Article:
Debora Hodgson kindly shares the results of her survey of the Special Library Association conducted as part of her Master’s degree with the Centre for Information Science, City University London.
The rise of digital technologies and digital content has greatly impacted all libraries but their effect on special libraries has not been investigated to same extent as that of academic and public libraries. I conducted a survey to discover the impact of digital technologies on Special libraries in the UK during August 2013. The aim of the research was to discover what factors have influenced the uptake of digital technologies and content in special libraries with a particular focus on discovering whether the subject covered by a special library has influenced the uptake of digital technologies.
A survey was chosen as the method to reach out to special librarians in the UK because it allowed quantitative data to be collected and for comparisons to be made with previous research in this sector. The questionnaire consisted of 16 open and closed questions and was designed to identify what factors have influenced the uptake of digital technologies and to determine how digital the respondents special libraries were.
The questionnaire was emailed out to UK based members of the Special Library Association in August 2013 and was open for responses for two weeks, with responses collected using Survey Monkey. The survey achieved 36 responses and a response rate of 23%. Most respondents worked in special libraries which covered corporate finance, business, medical, law or pharmaceutical libraries and had libraries that were not open to the general public.
47% of respondents described their library as hybrid libraries, combining digital and physical resources with a physical location.
39% answered they had a digital library with just 14% indicating they had an electronic library with very few digital resources which have to be accessed on an individual basis. Interestingly not all of the libraries who covered the same subject described their libraries in the same way indicating that subject may not be an important factor determining the impact of digital technologies.
The digital transition for special libraries open to the general public has been slower than for those not open to the public. This is partially explained by a lack of distinct user group which has made the negotiation for digital content harder and by the inability of these libraries to be able to predict usage patterns for digital content.
63% of the 30 respondents who answered the question on the content of their libraries indicated that they still had some physical resources in their libraries with 43% of these respondents expecting some of these resources to still form part of their collections in 5 years. E–Journals rather than E-books are the dominant digital format across these special libraries. The platforms needed for E-books and the expense of individual E-book purchase and lack of demand for E-books when physical books are available were listed as reasons why E-books have not been taken up at the same rate as E-journals
Over half of those who responded to the survey indicated that over 80% of the content in their libraries is digital content. Most respondents indicated that this transition to digital content had happened over the last 5 years. They expected the percentage of digital content to continue to significantly increase in the next 5 years as a result of the familiarity of library users with the technologies and their demand for their availability. Of those libraries that indicated they had less than 50% of digital resources, 60% were open to the general public.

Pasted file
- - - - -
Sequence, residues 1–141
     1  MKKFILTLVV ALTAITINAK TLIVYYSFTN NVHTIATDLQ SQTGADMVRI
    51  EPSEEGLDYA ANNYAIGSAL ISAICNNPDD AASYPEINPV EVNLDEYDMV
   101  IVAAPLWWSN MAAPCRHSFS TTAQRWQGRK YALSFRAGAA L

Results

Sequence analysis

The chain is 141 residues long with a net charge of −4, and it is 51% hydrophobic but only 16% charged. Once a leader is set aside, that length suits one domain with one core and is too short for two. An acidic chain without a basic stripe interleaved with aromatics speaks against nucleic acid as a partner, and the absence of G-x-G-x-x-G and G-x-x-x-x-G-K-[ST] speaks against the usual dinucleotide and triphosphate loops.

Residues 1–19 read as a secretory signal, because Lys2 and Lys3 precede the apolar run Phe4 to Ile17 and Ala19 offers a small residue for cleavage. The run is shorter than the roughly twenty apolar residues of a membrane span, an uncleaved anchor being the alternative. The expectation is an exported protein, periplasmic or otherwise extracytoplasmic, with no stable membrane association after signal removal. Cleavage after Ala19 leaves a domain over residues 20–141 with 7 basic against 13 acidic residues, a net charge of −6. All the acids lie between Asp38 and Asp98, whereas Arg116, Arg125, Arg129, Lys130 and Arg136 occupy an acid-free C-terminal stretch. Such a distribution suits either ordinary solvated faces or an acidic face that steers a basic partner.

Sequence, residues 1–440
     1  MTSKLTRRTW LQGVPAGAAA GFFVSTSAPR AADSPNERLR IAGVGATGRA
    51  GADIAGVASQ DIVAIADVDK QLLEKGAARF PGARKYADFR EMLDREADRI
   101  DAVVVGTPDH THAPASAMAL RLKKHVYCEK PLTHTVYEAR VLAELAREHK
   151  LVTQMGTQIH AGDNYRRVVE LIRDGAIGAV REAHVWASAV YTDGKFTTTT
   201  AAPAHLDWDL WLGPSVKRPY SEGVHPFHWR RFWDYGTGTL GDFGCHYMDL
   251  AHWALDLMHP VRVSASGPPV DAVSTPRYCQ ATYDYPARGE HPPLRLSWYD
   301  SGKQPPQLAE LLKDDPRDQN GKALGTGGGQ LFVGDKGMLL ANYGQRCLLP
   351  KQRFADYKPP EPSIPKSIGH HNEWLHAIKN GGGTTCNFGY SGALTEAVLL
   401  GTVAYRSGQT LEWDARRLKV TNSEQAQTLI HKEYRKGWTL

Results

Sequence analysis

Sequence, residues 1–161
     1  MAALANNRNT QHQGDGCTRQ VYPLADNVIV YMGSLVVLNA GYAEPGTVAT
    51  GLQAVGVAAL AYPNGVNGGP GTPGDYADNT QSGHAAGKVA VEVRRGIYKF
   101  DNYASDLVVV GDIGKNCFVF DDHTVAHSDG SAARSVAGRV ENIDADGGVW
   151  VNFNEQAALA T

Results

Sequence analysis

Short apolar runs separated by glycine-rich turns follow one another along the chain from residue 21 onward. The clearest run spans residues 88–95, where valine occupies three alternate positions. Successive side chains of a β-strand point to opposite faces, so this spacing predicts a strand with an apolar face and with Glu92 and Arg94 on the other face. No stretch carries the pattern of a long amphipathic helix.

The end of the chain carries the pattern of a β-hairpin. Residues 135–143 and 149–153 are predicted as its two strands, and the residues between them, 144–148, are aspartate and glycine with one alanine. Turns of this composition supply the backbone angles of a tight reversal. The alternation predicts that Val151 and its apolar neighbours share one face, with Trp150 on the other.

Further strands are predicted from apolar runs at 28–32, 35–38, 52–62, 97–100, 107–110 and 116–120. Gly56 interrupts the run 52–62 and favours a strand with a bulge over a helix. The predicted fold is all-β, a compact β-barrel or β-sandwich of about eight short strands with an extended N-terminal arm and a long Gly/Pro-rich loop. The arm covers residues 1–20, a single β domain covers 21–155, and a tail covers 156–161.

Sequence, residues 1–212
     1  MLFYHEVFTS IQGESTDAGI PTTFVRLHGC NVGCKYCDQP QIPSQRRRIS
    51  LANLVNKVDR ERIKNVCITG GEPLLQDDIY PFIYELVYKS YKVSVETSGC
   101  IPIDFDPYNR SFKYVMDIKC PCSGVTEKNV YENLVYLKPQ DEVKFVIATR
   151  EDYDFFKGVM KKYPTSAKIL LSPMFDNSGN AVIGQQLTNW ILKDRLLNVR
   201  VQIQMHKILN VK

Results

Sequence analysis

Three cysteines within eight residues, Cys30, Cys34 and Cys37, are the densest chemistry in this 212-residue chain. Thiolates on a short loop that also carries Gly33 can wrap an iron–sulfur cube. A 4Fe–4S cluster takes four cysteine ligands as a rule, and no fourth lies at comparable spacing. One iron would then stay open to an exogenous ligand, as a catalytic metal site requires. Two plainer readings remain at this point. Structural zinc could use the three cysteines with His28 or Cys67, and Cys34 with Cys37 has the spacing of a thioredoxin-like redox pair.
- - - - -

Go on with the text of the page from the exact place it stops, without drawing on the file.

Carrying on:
Web 2.0 technologies are being used by 78% of the 28 respondents who answered the question in the questionnaire. RSS feeds were the first of the Web 2.0 technologies to be adopted by the sector and is the most widely used technology across the sector today. Respondents indicated an expected decline in use of the majority of Web 2.0 technologies in the next 5 years as other technologies come to prominence.
Whilst my research cannot be used to generalise about the whole of the special library sector in the UK it has discovered trends within the sector that could be further investigated. I did not reach special libraries that have disappeared as a result of digital technologies instead it represents those special libraries that have survived in the digital age through adaptation in some cases and through specialisation in others. My research indicates that the impact of digital technologies has not been universal across the whole of the UK special library sector. Whilst digital resources make up an increasing percentage of the total resources of special libraries, they do not yet account for 100% of resources.
Special libraries that are part of corporations with a geographically dispersed user group are far more digital than those special libraries that are charitable libraries who serve a wider less defined user group.
Special libraries which have a well-defined user groups and are not open to the general public tend to have almost entirely digital content whereas those open to the public are less digital because of issues with licensing content for this diverse user group. User demand has been a key factor in the uptake of digital content as users want to be able to access library resources remotely and the digital content makes this possible. Libraries that indicated they were not entirely digital today highlight that they expect to take increasing amounts of digital content in the next five years and will increase their digital presence to make it easier for their users to access their content.